The New Keynesian Model and the Long-Run Vertical Phillips Curve: Does It Hold for Germany?
Jan Gottschalk and
Ulrich Fritsche ()
No 521, Discussion Papers of DIW Berlin from DIW Berlin, German Institute for Economic Research
New-Keynesian macroeconomic models typically assume that any long-run trade-off between inflation and unemployment is ruled out. While this appears to be a reasonable characterization of the US economy, it is less clear that the natural rate hypothesis necessarily holds in a European country like Germany where hysteretic effects may invalidate it. Inspired by the framework developed by Farmer (2000) and Beyer and Farmer (2002), we investigate the long-run relationships between the interest rate, unemployment and inflation in West Germany from the early 1960s up to 2004 using a multivariate co-integration analysis technique. The results point to a structural break in the late 1970s. In the later time period we find for West German data a strong negative correlation between the trend components of inflation and unemployment. We show that this finding contradicts the natural rate hypothesis, introduce a version of the New Keynesian model which allows for some hysteresis and compare the effectiveness of monetary policy in these two models. In general, a policy rule with an aggressive response to a rise in unemployment performs better in a model with hysteretic characteristics than in a model without.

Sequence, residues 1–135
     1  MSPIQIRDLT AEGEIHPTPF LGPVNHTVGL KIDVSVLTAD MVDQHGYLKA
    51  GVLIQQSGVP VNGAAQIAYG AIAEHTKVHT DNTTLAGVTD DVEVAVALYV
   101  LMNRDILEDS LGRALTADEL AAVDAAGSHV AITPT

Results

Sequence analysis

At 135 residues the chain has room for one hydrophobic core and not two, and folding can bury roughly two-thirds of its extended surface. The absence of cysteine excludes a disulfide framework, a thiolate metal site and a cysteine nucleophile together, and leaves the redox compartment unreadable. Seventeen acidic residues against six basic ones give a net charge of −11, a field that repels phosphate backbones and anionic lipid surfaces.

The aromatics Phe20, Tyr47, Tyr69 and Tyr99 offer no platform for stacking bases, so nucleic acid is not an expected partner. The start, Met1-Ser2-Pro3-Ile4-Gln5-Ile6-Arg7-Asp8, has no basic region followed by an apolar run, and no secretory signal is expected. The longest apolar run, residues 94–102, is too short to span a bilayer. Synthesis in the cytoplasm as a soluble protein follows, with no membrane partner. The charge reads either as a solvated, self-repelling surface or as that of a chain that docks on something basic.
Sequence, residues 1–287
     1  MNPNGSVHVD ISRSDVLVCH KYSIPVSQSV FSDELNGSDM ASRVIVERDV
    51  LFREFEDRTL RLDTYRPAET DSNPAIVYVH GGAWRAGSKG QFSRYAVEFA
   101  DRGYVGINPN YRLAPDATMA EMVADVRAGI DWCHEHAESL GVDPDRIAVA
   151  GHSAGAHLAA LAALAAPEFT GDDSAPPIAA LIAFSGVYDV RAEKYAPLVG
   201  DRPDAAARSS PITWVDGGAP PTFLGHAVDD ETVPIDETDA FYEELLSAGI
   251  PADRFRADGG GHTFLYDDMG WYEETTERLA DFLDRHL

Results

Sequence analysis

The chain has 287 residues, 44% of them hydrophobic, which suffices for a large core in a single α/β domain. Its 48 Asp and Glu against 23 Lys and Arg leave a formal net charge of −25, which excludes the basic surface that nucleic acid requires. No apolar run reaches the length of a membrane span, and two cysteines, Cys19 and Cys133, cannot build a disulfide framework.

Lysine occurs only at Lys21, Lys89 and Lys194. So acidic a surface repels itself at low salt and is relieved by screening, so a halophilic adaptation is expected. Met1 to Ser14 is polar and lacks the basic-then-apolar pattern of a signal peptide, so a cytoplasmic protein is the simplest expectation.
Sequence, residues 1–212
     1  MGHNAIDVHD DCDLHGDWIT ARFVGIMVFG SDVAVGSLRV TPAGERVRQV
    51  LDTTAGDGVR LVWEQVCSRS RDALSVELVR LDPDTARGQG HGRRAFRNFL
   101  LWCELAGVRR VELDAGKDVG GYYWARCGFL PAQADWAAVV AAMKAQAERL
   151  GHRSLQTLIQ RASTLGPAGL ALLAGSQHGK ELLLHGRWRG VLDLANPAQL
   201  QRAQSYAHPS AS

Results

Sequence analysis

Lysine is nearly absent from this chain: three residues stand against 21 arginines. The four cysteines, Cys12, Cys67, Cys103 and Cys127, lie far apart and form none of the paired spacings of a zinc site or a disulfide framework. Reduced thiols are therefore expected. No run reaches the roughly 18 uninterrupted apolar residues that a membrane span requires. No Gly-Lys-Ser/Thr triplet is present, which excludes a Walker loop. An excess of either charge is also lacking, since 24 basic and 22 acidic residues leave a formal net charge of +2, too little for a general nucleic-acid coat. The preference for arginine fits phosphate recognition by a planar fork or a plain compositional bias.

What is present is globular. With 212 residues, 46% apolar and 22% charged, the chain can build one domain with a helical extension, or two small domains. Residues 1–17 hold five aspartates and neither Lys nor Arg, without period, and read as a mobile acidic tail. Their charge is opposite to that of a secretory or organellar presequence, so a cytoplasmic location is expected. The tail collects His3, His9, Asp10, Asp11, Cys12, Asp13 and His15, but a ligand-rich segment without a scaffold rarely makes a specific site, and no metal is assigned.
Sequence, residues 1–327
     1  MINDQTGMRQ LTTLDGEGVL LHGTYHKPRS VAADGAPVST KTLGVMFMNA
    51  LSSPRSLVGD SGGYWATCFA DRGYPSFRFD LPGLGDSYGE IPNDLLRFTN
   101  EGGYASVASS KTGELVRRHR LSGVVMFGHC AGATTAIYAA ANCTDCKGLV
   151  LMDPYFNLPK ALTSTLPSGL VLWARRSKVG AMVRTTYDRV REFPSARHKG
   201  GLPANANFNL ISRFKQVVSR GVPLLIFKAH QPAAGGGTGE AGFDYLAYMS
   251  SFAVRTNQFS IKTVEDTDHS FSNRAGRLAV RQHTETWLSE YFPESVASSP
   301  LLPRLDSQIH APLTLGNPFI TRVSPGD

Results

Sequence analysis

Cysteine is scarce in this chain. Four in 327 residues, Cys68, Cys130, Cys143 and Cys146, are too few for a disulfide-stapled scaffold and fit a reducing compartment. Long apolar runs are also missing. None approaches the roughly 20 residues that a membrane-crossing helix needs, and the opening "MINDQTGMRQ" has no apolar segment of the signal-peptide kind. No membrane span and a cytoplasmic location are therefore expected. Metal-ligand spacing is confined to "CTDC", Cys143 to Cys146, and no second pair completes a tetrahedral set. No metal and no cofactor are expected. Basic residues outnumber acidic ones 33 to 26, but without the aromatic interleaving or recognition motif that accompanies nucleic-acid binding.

Keywords: Cointegration; Vector error correction model; Unemployment; Phillips curve; Hysteresis (search for similar items in EconPapers)
JEL-codes: B22 C32 E24 (search for similar items in EconPapers)
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Persistent link: https://EconPapers.repec.org/RePEc:diw:diwwpp:dp521
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